Gov. Jerry Brown made official on Friday what anyone who happened to be looking out a window at yet another soggy Sacramento morning may have suspected: The California drought is over.
“But the next drought could be around the corner,” Brown cautioned in a statement accompanying his long-awaited executive order. “Conservation must remain a way of life.”
He’s right. Californians should see this not as an end to six years of drought, but merely as a reprieve. Climate change isn’t going away. The future is sure to be full of extreme weather, from smoking hot, dry summers with explosive wildfires to extremely wet winters with a high risk of flooding, mudslides and avalanches.
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This should be a time for the state to prepare for what’s coming. The Legislature must prioritize infrastructure improvements, such as the $52 billion transportation plan that was approved last week, and finally get going on water projects to boost supplies before the next inevitable drought.
Brown did his part, keeping rules in place to encourage people to continue conserving water. Watering lawns during rainstorms is still a no-no. Californians seem to be OK with it. Residents reduced water usage by 25.1 percent in February, according to the State Water Resources Control Board. And that happened even though most municipal water agencies have backed away from the conservation mandates that Brown once pushed.
The state water agencies recently released a plan to permanently ban practices that are deemed wasteful. But we’ve seen what happens when more solid preparations aren’t made to stave off disaster.
This winter was among the wettest on record, swelling rivers to dangerous levels and sending water cascading over aging levies. In Oroville, the deluge nearly led to destruction. Some 188,000 people had to be evacuated in February after an untested emergency spillway crumbled, nearly sending a “wall of water” into houses and businesses along the Feather River.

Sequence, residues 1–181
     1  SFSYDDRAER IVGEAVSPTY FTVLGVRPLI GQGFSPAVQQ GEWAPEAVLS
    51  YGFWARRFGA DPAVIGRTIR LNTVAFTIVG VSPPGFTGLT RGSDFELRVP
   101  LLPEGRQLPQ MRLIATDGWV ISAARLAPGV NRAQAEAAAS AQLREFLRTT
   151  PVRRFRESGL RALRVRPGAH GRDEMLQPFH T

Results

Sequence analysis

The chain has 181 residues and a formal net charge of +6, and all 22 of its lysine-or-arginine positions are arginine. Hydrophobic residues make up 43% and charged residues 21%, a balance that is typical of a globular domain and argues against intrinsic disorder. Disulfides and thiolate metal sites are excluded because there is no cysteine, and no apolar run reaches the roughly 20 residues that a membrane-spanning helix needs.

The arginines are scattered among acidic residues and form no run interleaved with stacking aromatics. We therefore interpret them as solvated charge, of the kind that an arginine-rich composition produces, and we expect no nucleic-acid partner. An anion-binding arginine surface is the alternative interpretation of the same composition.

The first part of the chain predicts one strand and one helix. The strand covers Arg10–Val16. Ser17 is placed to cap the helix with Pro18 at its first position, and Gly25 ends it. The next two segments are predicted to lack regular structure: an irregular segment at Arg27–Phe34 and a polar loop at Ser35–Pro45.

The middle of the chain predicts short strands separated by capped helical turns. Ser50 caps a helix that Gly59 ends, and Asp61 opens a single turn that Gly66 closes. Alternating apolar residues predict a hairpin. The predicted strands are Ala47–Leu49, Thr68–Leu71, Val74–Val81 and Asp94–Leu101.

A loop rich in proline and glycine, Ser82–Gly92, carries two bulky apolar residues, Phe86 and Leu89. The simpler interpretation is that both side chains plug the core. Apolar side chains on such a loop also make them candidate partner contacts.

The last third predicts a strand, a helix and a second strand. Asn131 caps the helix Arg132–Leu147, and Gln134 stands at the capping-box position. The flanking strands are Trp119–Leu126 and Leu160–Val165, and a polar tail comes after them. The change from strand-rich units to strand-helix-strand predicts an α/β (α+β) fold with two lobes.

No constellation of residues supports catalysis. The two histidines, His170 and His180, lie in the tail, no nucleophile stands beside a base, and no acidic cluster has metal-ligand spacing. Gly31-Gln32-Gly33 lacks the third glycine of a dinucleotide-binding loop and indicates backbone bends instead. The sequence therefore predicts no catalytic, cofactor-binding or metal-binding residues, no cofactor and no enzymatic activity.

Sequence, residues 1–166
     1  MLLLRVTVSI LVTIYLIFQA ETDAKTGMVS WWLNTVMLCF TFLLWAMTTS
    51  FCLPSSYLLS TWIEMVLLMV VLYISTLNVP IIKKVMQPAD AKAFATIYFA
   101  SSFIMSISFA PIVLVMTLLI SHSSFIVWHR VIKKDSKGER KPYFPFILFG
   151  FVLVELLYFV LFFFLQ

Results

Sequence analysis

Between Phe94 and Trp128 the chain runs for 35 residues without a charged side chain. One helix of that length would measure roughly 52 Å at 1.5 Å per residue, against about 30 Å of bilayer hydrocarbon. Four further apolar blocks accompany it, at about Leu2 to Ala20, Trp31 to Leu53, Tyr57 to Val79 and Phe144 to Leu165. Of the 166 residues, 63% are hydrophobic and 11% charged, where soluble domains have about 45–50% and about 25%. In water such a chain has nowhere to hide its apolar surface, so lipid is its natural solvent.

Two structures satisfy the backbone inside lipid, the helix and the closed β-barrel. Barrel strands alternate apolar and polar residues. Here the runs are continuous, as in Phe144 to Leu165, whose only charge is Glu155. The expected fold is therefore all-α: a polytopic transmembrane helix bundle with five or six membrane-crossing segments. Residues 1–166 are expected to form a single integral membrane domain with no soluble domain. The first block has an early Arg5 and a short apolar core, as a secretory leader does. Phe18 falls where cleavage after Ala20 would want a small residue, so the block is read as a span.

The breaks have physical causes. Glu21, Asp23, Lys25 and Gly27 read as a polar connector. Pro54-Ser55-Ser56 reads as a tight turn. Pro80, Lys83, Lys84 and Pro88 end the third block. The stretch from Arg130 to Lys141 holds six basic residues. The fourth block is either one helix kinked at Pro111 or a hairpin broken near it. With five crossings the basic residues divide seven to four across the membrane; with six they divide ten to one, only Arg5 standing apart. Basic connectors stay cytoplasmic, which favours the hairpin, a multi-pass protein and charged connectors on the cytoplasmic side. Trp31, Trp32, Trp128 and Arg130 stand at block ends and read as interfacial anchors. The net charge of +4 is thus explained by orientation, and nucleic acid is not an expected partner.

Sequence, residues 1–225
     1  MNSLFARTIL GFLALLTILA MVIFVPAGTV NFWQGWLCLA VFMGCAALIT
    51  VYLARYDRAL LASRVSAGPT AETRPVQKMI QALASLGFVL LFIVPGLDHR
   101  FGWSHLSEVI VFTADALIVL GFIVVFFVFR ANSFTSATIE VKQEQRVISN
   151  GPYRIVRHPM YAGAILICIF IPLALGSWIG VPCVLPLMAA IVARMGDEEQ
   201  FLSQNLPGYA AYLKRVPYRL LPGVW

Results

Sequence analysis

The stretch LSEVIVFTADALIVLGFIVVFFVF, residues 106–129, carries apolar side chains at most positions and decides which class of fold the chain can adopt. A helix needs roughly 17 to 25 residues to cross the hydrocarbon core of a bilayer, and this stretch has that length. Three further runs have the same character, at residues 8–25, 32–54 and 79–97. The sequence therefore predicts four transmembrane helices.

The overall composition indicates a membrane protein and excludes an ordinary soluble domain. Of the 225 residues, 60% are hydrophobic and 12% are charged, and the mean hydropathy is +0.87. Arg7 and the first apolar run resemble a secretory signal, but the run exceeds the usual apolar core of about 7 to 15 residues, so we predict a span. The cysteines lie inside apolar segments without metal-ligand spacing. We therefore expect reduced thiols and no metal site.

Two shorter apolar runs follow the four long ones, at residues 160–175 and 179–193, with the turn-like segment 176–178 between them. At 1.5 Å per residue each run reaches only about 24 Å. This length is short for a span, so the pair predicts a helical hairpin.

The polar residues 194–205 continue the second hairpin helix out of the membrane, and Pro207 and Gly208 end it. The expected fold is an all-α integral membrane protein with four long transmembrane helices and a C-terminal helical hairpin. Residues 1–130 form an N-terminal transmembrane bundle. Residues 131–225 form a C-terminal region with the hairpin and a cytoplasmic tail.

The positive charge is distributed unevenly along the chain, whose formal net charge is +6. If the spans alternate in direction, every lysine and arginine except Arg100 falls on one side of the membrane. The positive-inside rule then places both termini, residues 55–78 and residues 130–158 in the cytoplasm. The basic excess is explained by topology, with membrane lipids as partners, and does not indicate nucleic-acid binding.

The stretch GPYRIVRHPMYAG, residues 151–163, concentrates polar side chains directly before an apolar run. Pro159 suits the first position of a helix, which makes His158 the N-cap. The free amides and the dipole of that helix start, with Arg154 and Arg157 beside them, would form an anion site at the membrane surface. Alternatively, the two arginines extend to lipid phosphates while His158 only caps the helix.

Meanwhile, parts of Big Sur remain cut off after mudslides all but destroyed a bridge along Highway 1. And in the northern Sierra, where precipitation this year has been twice the historical average and the snowpack stands at 61 percent above average, Highway 50 is still down to one lane near near Bridal Veil Falls after part of the road crumbled down a hillside.
But what’s really disturbing is that most of that water – billions of gallons of it – flowed unchecked into the ocean because California hasn’t gotten around to ensuring there are enough ways to capture and store it.
That’s certainly a solid argument for building Sites Reservoir west of the Sacramento River. As we stated in 2015, the reservoir for surface storage must be part of a broader strategy of waste water recycling, stormwater capture, desalination, conservation and environmental protection. This is the time for legislators and state water officials to get serious about that.
In the Central Valley, groundwater supplies remain far below normal. To continue addressing that, Brown’s executive order wisely lifts his drought proclamations in every county except Fresno, Kings, Tulare and Tuolumne so that a series of emergency drinking water projects already under way there can continue.
In the end, though, California will have to do much of the work to prepare for the extreme weather of climate change on its own. Although the Trump administration has approved hundreds of millions of dollars in disaster funding, state legislators cannot rely on substantial federal help for infrastructure. The drought might be over, but the hard work is just beginning.